As mostly nonprofit history organizations, a lot of AASLH members rely on unpaid interns to help at their sites throughout the year. We have all used unpaid interns for special projects, cataloging artifacts in Past Perfect, giving tours, and more. But are unpaid internships legal?


I saw a news item this morning about how NBCUniversal settled a class action lawsuit with its unpaid interns for $6.4 million. Other companies, particularly in the entertainment industry, are also under fire for their programs, leading many to eliminate them entirely.

So, what is the truth about unpaid internships? I did a little checking. According to, there are six legal requirements for unpaid internships as considered by the U.S. Supreme Court:

  1. The internship, even though it includes actual operation of the facilities of the employer, is similar to training which would be given in an educational environment.
  2. The internship experience is for the benefit of the intern.
  3. The intern does not displace regular employees, but works under close supervision of existing staff.
  4. The employer that provides the training derives no immediate advantage from the activities of the intern; and on occasion its operations may actually be impeded.
  5. The intern is not necessarily entitled to a job at the conclusion of the internship.
  6. The employer and the intern understand that the intern is not entitled to wages for the time spent in the internship.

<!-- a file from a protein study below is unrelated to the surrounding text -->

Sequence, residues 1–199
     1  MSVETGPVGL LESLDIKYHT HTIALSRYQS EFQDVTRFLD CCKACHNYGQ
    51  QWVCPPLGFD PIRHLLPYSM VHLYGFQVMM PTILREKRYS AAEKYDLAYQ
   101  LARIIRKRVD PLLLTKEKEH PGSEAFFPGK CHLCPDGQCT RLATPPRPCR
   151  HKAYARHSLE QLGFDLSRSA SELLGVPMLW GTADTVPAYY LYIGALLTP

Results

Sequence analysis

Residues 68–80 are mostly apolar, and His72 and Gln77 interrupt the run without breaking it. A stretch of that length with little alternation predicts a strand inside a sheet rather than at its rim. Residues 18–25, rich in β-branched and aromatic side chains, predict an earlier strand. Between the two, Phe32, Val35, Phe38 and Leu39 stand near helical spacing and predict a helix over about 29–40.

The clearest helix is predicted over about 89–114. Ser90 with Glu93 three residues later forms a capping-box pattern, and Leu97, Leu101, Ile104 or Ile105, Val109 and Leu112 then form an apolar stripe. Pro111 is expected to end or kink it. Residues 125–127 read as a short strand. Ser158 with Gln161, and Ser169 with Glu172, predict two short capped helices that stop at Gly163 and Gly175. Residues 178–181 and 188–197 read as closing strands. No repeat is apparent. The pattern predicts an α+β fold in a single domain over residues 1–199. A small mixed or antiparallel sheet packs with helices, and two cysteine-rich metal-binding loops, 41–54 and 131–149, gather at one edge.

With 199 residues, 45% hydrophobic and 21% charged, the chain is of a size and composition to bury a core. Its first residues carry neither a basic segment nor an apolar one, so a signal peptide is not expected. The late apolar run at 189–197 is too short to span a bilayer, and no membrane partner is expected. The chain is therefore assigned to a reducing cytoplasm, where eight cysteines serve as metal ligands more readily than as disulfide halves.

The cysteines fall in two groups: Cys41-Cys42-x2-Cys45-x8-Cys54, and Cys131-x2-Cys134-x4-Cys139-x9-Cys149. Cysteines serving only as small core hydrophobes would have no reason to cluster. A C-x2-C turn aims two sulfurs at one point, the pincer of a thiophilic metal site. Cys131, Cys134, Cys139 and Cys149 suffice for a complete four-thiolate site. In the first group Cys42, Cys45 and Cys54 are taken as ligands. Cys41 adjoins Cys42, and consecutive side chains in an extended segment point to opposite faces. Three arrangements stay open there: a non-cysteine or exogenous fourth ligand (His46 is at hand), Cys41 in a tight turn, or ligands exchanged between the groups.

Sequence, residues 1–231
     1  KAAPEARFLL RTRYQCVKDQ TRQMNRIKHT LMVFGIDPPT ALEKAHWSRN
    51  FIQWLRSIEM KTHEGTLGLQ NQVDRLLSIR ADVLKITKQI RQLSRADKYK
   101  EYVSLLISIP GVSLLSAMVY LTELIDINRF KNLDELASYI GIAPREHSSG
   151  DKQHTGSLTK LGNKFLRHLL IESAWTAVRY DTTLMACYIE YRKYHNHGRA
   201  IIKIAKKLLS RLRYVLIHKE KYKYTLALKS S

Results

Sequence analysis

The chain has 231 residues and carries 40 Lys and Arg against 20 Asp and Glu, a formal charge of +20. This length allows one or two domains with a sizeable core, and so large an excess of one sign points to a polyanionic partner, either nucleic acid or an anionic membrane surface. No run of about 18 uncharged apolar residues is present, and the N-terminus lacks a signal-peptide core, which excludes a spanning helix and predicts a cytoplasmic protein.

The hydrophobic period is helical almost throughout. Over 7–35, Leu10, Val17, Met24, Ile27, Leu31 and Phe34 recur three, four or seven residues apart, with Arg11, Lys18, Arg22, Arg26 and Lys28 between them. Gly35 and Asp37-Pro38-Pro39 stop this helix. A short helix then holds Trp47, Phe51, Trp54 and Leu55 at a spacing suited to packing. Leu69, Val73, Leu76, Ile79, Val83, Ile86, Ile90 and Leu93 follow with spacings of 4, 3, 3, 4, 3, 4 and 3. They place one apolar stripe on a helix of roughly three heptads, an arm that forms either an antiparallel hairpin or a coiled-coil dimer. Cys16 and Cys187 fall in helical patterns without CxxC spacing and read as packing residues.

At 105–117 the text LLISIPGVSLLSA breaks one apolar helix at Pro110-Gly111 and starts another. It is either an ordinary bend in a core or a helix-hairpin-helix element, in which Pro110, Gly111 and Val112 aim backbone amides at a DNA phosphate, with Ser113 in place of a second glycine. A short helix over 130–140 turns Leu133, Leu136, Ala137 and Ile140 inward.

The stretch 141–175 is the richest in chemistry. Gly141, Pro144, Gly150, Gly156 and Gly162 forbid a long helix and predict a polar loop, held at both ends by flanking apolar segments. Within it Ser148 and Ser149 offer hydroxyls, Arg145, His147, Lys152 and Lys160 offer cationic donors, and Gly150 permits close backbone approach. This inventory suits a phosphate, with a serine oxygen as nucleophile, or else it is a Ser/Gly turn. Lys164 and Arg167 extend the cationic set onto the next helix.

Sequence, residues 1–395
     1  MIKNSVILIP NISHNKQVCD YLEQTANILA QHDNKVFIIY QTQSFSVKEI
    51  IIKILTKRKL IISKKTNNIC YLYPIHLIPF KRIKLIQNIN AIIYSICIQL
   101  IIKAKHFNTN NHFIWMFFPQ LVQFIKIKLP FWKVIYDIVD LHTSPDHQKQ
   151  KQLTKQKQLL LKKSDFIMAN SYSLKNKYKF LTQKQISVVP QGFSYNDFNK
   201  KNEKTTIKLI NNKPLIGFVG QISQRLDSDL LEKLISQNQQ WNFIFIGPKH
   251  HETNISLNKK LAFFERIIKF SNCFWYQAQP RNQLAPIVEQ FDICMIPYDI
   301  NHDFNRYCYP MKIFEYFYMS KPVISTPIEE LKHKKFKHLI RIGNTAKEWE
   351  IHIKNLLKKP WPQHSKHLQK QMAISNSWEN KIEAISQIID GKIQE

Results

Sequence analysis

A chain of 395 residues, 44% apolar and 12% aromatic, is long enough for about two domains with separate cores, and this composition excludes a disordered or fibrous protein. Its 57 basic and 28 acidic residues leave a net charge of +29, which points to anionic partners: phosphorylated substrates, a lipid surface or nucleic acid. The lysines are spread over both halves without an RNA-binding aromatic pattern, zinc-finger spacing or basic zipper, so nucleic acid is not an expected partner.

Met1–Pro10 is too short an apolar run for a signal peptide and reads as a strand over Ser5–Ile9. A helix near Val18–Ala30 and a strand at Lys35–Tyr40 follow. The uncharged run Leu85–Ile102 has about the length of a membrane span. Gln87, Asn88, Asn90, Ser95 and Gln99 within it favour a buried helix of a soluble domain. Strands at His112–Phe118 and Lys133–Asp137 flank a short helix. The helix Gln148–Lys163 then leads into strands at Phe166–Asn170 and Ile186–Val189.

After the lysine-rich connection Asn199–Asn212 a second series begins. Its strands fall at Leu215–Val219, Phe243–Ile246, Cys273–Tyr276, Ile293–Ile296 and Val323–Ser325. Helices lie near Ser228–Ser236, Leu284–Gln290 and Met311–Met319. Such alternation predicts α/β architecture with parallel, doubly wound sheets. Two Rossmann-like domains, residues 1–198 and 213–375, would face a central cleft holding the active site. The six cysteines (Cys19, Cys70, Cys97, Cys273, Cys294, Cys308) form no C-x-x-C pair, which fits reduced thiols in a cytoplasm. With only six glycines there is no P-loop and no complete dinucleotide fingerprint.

The author of the article, Peter I. Minton, adds that for the Department of Labor to allow the unpaid internship, all six requirements must be in place. Nonprofit organizations, however, can be exempt from some requirements.

According to the National Council of Nonprofits, it is also important that nonprofit organizations classify unpaid interns as volunteers, not employees. Volunteer status should be qualified in writing as part of your internship contract. If you consider your interns volunteers, but pay them a stipend at the end of the summer, that could also bring unintended consequences for your organization.

This is a sticky issue that requires more research if you regularly use interns at your organization. I am certainly not an expert on labor law, however, if you depend on unpaid interns, you might want to consult an expert. Here are some resources to help get you started:


Bethany L. Hawkins is Program Manager for AASLH. She can be reached at [email protected].